Cameron has made some striking pledges on how he will cut the deficit. The trouble is that most of them are at odds with his promise to protect the vulnerable.
As this excellent Social Market Foundation report contends, it is hard to see how any of his pledges on ring-fencing middle class benefits, limiting tax rises and increasing health spending will survive, at least if Cameron really isn’t going to balance the books on the backs of the poor.
But his blog repeats the received wisdom that VAT is a regressive tax that punishes the poor.
No doubt the SMF’s proposals to means-test child benefit and raise VAT will concern many on the left. But if not these we have to pick something else instead or say how taxes would go up further. In which spirit, instead of the VAT rise, which would be deeply regressive, I would instead pick a wealth tax.
The SMF report actually includes this fascinating chart highlighting the progressive merits of a limited rise in VAT.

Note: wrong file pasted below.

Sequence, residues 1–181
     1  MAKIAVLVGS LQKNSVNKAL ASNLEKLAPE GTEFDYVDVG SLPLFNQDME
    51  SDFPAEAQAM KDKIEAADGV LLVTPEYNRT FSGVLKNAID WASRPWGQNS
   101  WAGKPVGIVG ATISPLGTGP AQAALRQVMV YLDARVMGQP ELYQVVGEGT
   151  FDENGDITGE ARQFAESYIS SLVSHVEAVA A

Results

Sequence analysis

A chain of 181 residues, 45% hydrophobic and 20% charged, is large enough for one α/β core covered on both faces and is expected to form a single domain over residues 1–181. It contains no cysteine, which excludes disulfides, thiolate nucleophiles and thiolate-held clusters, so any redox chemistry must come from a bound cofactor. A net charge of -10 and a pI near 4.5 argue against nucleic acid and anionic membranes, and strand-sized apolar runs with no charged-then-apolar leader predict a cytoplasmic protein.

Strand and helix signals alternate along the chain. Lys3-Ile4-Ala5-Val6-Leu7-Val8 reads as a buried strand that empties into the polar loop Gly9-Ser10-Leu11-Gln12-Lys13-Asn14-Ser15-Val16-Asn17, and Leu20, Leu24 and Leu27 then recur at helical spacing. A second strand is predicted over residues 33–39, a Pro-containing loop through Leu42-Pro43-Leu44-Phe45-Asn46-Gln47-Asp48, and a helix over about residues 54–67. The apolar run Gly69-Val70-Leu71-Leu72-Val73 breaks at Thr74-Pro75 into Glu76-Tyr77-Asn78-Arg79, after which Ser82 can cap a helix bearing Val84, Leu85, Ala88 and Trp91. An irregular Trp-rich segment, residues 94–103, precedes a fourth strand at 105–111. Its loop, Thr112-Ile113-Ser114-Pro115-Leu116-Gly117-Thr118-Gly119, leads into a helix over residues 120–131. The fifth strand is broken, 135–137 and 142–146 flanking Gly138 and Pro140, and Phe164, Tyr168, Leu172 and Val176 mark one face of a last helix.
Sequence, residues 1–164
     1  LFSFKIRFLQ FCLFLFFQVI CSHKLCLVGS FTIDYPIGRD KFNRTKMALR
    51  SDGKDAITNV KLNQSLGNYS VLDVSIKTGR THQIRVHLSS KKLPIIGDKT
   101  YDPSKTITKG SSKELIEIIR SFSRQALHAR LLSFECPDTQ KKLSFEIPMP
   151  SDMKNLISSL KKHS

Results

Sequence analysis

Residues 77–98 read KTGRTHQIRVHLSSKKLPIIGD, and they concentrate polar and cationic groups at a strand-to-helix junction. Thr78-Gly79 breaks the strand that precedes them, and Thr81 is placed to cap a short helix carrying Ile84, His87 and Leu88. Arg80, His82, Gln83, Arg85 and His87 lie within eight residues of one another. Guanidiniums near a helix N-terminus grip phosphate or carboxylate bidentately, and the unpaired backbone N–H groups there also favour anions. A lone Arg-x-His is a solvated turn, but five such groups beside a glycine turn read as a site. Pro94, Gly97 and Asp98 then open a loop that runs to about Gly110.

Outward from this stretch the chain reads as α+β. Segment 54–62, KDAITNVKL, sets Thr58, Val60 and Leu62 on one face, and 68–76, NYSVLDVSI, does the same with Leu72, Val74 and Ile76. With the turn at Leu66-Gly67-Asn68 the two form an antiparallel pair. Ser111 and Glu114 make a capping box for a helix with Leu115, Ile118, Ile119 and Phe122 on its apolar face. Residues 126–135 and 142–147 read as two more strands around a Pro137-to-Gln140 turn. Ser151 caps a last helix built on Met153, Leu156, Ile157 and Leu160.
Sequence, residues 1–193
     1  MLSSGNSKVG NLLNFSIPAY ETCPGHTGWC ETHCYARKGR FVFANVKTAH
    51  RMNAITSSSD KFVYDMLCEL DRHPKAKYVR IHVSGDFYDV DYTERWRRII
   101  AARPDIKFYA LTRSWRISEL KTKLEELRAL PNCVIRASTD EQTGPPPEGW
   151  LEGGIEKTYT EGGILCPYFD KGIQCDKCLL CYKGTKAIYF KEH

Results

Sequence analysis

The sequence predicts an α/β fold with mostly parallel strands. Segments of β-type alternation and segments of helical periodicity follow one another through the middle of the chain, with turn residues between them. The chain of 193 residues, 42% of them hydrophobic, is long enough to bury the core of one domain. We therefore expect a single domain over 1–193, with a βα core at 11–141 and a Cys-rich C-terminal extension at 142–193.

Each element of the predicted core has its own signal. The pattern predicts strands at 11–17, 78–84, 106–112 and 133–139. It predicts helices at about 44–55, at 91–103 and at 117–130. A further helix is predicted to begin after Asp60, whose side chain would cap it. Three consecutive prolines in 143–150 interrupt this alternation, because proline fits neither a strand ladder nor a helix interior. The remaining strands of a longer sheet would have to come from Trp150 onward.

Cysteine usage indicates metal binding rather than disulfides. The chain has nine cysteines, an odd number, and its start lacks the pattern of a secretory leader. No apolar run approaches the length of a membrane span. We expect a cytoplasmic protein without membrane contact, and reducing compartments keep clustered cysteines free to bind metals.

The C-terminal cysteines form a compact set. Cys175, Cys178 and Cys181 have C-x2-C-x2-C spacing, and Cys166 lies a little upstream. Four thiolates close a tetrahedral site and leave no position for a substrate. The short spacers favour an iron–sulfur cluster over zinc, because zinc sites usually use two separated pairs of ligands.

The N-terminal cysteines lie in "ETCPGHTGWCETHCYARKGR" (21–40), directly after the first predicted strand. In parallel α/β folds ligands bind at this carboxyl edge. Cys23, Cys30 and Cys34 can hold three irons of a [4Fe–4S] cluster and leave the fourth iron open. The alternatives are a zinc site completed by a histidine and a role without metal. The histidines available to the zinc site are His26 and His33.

It makes the case that looking at the proportion of income lost by households is misleading, because lots of people on low incomes (such as students) borrow to spend expecting their future earnings to rise. “While they may appear poor on a snapshot basis, they may well be spending and therefore paying VAT in fair proportion to their future expected earnings,” the report finds. If you examine the impact on expenditure rather than income, VAT is a progressive tax.
That said, a VAT rise will not be more progressive than some other tax options. But the SMF argument certainly complicates what Labour politicians make out to be a clear cut case against VAT.